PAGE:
The IPD workshops have been known for several years as professional training courses under Quebec law on competencies, which requires employers to spend 1% of their salary expenses on training.

On its website, the IPD explains the workshop "allows for the liberation of energy that was blocked during past experiences, when that memory, anchored in our subconscious, directly limits our quality of life."

Nantel said that to take part in the rebirth workshop, the participant must already have taken the Awakening the Inner-Self workshop.

Nantel said both courses allow employees to be better at their jobs.

"Doing this allows people to have a better attitude at work, better relationships, more spirit, more participation and more general interest as a person who works on a team," she said...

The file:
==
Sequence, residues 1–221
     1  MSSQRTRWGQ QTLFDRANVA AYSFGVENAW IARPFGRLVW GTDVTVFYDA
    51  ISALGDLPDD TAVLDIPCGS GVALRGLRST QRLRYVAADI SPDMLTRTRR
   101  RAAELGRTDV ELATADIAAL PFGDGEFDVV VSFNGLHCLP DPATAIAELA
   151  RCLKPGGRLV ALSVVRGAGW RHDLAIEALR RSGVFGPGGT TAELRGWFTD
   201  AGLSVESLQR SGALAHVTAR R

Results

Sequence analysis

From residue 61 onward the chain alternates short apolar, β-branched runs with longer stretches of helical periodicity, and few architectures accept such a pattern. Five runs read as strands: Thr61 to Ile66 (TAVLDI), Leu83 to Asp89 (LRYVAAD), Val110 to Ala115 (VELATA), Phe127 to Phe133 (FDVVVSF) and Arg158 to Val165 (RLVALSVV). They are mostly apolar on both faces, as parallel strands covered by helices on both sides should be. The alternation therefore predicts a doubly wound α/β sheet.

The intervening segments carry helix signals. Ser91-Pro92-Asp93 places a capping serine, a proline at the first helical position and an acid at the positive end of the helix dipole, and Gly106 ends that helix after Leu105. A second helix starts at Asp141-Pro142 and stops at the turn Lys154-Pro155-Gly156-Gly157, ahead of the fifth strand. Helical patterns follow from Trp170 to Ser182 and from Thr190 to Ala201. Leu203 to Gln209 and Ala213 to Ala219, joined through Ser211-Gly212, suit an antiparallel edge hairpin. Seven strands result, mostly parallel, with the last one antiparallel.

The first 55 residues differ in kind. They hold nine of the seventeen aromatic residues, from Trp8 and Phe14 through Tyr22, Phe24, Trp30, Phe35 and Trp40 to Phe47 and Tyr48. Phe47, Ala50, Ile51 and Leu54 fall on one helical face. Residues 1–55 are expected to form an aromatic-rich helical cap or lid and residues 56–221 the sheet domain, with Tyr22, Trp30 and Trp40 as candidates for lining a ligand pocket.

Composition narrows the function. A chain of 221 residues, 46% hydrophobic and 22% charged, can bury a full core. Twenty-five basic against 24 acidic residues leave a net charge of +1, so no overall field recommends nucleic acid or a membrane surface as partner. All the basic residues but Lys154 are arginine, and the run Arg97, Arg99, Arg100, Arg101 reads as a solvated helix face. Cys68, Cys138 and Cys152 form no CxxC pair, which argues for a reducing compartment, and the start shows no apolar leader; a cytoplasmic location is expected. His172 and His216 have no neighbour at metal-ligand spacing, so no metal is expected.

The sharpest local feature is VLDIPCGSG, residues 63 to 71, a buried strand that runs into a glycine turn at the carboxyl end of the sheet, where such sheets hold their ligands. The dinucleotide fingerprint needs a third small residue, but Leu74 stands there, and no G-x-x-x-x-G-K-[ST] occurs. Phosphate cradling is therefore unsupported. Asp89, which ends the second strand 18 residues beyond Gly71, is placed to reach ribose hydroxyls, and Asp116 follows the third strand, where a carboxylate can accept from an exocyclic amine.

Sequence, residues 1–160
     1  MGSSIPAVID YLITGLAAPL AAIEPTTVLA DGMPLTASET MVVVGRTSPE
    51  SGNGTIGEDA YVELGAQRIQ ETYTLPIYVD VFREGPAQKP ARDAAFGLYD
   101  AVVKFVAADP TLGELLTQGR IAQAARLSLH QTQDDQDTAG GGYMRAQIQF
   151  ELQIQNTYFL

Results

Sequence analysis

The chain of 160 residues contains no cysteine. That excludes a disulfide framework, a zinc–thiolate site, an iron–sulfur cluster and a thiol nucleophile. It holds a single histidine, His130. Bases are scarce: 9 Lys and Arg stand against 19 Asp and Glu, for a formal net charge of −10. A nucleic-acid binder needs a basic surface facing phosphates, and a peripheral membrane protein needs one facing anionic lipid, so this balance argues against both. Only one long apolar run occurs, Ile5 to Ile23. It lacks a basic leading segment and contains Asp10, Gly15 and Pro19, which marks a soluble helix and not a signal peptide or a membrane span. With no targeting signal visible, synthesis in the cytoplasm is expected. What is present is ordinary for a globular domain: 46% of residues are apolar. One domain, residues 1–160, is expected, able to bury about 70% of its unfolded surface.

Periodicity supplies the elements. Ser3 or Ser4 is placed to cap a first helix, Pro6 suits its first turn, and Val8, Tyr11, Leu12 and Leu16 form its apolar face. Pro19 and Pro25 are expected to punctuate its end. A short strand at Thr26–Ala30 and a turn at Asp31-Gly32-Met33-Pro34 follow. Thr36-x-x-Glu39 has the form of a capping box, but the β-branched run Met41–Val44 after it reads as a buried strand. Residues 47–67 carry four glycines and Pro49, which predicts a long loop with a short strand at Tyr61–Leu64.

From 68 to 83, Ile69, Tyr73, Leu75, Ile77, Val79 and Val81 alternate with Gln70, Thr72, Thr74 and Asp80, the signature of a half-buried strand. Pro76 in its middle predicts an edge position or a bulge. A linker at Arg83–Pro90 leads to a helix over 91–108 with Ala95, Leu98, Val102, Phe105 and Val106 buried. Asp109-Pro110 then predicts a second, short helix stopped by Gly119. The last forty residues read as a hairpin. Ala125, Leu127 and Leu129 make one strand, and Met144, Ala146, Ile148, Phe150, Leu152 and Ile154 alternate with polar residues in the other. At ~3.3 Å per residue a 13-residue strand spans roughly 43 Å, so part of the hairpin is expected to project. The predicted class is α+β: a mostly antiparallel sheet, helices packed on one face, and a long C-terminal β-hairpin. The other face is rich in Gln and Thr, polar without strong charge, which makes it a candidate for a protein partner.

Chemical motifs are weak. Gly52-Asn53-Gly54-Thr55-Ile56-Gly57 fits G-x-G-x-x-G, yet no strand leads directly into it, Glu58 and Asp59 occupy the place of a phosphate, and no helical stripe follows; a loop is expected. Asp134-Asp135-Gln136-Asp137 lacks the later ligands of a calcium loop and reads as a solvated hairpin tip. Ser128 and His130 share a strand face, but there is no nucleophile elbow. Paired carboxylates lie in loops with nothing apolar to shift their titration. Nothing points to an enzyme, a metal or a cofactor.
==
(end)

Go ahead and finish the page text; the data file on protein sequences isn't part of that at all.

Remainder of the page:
...Description of the workshop on the IPD website.

"To become free from the past. A conscious experience to free the energy blocked by past events through the powerful healing effects of a breathing technique. Each participant is professionally accompanied. The

process is both gently and respectful of each person's energy, thus assisting the recovery of a state of peace and well-being, and promoting the full realization of oneself."

This seems like strange stuff to be subsidized by a secular government, much less a federal government that, according to certain woefully ignorant and bigoted people in the media, is under the influence of extreme right-wing Christian zealots. As now-retired broadcaster Bruce Hogle would say, "...but they will pay for garbage like this."

Thursday, August 5, 2010

40 years ago: Pornography not harmful?

On August 5, 1970 a draft report of U.S. President Richard Nixon's National Commission on Obscenity and Pornography was publicized, finding that erotic books, films, and magazines did not increase sex crimes or corrupt the morals of youth.